Jan 16, 2012; 3:31 PM ET
A little tough to understand, but this diagram shows where the solar eclipse in May of 2012 can be experienced
An annular solar eclipse will take place on May 20, 2012 with a magnitude of 0.9439. For more about what the magnitude of a solar eclipse is, please click here. A solar eclipse occurs when the Moon passes between Earth and the Sun, thereby totally or partially obscuring the image of the Sun for a viewer on Earth. An annular solar eclipse occurs when the Moon’s apparent diameter is smaller than the Sun, causing the sun to look like an annulus (ring), blocking most but not all of the Sun’s light. An annular eclipse appears as a partial eclipse over a region thousands of kilometres wide.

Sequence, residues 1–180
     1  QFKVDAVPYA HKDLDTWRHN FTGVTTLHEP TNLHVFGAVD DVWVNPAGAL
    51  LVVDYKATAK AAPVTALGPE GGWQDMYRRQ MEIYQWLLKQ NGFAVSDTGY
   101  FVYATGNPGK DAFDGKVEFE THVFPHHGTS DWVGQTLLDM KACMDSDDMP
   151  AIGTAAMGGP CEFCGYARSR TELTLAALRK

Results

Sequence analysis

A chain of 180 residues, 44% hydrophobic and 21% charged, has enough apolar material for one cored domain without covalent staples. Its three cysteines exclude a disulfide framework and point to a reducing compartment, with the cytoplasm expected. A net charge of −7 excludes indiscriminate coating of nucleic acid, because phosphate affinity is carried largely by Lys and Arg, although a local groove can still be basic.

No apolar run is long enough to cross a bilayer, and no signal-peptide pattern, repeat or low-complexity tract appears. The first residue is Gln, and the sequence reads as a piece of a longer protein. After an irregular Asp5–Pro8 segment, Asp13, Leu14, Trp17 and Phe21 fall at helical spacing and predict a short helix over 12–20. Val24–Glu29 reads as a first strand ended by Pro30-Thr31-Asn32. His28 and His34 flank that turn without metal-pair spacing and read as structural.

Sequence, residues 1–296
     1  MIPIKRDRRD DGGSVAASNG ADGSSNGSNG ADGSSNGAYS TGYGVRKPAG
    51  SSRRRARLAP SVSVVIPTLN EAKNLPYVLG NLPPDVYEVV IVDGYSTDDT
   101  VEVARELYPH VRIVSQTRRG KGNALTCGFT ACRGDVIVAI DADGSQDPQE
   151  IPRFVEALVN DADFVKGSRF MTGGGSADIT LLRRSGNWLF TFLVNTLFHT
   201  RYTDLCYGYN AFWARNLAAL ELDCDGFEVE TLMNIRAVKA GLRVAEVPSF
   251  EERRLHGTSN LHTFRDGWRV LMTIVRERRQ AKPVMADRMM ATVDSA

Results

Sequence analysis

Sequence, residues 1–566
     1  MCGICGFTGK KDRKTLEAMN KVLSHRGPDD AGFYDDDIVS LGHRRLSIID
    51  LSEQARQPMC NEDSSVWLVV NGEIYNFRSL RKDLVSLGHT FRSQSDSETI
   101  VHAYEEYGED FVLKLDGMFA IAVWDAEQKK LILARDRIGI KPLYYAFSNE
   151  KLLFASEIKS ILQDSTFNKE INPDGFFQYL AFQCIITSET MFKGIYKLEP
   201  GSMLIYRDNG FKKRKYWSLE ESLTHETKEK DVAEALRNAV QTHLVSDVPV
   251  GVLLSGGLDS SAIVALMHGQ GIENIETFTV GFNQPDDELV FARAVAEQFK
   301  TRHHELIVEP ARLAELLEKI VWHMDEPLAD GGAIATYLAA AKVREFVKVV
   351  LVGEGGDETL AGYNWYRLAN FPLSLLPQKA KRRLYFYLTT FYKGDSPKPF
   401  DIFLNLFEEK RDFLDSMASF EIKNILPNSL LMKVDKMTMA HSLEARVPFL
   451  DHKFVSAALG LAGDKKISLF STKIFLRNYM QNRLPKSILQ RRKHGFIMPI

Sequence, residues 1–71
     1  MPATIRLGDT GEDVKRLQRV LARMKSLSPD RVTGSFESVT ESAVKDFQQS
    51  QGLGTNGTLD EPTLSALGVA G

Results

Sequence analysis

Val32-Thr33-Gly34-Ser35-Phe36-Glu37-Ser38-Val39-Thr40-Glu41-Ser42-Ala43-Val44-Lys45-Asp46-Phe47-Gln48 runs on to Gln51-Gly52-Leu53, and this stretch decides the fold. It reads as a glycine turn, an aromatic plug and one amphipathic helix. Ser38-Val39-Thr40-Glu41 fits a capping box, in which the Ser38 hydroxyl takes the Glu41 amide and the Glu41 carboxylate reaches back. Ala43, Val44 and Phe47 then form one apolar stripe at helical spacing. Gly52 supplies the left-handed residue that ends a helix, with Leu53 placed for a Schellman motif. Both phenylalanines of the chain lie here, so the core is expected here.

The annular phase will be visible from the Chinese coast, the south of Japan, and the western part of the United States and Canada. Cities such as Albuquerque, New Mexico and Redding, Ca. will see this eclipse. Guangzhou, China, Tokyo and Albuquerque will be on the central path. Its maximum will occur in the North Pacific, south of the Aleutian islands for 5 min and 46.3 s, and finish in the western United States.
It will be the first central eclipse of the 21st century in the Lower 48, and also the first annular eclipse visible here since the solar eclipse of May 10, 1994.